Beyond these evidences, agricultural land management practices that are compatible with the preservation of water resources have to be defined. Hydrological diagnoses are needed in order to choose the alternative land uses, cultivation practices and/or their spatial arrangements [1214].

Water resource managers who need to estimate and monitor water fluxes at the catchment scale have to face epistemic uncertainties resulting from scarce data. As reported in [15], many parts of the world are either ungauged or poorly gauged, i.e., without rainfall and stream flow measurements. Even if water-monitoring networks exist [like those recommended by the Water Framework Directive (WFD; 2000/60/EC) in the European Union], they mostly concern large river catchment outlets at high time frequency. The lack of hydrological records at the elementary catchment scale upstream which is the key-scale to relate agricultural activities and impacts on water bodies, is obvious [1618].

Facing the need for rainfall and runoff records, usual measurements involve rain gauge recorders (weighing precipitation gauges or tipping bucket rain gauges) and liminimetric sensors (hydrostatic pressure transmitters, air bubbling level transmitters) coupled with the building of weirs or calibrated channels, i.e., Venturi channels, to estimate discharges. All these techniques are expensive, of high-power consumption, invasive and require heavy maintenance operations [19,20]. As a consequence, this usual hydrometric equipment is scarce in space but with high time frequencies. For more balanced space over time hydrological measurements, there is room and a crucial need to develop alternative soft metrologic approaches that permit one to estimate water fluxes in catchments with an higher spatial sampling rate [21,22]. Capacitive sensors may constitute such an alternative [23]. As reported in [24], they can be used to directly sense motion, chemical composition or electric fields, but also to indirectly sense pressure, acceleration, fluid levels, and fluid composition, which can be converted into motion or dielectric constants. Their use still remains unusual [25], especially to characterize hydrological variables. However, simple conditioning circuits, low cost and stability of the technology are attractive advantages.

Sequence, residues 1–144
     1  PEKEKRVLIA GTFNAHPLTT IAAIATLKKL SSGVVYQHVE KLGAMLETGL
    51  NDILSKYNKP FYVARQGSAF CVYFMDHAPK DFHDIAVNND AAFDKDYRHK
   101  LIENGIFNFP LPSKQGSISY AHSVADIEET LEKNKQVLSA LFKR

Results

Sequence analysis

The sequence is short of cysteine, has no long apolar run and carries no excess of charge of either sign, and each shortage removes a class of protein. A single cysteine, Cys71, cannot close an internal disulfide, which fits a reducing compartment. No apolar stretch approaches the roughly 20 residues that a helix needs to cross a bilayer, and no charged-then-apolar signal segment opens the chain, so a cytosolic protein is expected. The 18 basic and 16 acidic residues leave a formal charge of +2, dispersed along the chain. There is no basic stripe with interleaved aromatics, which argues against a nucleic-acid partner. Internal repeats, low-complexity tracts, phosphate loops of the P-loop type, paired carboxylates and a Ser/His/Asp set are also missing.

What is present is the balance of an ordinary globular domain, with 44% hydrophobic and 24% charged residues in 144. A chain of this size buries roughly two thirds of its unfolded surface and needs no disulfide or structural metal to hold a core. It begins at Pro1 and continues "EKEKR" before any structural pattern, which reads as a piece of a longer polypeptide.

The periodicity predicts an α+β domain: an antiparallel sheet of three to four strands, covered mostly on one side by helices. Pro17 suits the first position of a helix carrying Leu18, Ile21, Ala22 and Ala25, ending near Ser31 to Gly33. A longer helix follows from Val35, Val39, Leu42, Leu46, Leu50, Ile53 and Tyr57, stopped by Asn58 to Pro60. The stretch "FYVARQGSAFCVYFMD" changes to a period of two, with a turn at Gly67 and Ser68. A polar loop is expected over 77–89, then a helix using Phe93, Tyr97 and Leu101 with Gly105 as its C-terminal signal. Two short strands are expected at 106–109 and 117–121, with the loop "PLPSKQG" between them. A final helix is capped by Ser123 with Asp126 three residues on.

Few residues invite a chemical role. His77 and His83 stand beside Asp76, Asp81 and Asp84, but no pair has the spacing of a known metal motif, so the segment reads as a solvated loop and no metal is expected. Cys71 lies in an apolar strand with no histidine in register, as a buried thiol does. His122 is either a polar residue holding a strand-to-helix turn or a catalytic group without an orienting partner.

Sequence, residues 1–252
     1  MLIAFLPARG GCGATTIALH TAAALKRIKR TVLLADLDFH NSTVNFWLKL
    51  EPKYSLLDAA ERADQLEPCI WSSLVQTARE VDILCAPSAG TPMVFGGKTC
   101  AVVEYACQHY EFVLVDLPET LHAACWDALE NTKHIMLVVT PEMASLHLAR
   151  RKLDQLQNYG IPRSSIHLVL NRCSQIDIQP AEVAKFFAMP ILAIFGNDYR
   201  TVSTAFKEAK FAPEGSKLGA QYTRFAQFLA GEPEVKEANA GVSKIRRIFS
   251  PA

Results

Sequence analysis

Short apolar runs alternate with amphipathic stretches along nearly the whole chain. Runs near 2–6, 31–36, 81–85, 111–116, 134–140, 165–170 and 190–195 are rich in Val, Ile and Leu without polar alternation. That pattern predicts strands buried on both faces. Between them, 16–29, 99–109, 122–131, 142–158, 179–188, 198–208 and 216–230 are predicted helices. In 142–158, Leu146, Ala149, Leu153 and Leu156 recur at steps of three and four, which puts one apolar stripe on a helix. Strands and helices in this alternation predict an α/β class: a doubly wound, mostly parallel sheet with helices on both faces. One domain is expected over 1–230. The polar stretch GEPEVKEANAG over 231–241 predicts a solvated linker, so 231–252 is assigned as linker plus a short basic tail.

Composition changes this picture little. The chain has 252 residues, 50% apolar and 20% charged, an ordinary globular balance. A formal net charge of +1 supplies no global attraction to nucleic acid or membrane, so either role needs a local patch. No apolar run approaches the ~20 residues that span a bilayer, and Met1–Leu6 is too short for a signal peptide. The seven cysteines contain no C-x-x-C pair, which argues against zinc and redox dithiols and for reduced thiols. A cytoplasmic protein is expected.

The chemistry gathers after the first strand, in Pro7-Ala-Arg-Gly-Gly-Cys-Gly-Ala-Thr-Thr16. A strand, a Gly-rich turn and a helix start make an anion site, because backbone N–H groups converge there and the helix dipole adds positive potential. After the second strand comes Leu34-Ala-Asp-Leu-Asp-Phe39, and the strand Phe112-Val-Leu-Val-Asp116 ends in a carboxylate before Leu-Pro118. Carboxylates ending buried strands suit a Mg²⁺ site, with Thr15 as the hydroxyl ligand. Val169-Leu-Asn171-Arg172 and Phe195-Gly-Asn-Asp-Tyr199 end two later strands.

The aim of this paper is to propose a hydrological spatio-temporal sampling design for elementary cultivated catchments based on an innovative handy, low-cost, low power/energy consumption, non-invasive and robust water level sensor. The sensor was used to monitor water-levels in order to estimate both the rainfall and the stream flow characteristics of several elementary agricultural catchments. The sensor and the experimental designs are presented. The results of tests performed in the laboratory, under controlled conditions and under field conditions are discussed. Finally, the proposed experimental strategy was applied to characterise the hydrological behaviour of eleven Mediterranean catchments in term of runoff response frequency, lag-time and water budget.

2. Materials and Methods

2.1. Sensor Design

2.1.1. Capacitive Sensor